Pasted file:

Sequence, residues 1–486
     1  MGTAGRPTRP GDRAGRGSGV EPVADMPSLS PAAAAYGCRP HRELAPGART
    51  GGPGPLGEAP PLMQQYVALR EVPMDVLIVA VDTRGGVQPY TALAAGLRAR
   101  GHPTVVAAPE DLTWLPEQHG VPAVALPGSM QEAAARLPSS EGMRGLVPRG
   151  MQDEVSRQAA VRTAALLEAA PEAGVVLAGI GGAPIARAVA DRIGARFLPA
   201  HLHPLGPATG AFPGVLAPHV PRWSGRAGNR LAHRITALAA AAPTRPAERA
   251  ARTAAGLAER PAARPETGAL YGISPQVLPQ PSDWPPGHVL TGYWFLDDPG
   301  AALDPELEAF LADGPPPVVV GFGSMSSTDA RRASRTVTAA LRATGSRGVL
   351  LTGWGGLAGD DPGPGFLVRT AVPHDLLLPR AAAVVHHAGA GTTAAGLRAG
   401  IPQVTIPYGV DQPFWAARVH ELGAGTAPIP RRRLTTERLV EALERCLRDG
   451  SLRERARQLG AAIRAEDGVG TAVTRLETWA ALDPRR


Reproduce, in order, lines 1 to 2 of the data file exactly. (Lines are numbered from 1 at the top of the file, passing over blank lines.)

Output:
Sequence, residues 1–486
     1  MGTAGRPTRP GDRAGRGSGV EPVADMPSLS PAAAAYGCRP HRELAPGART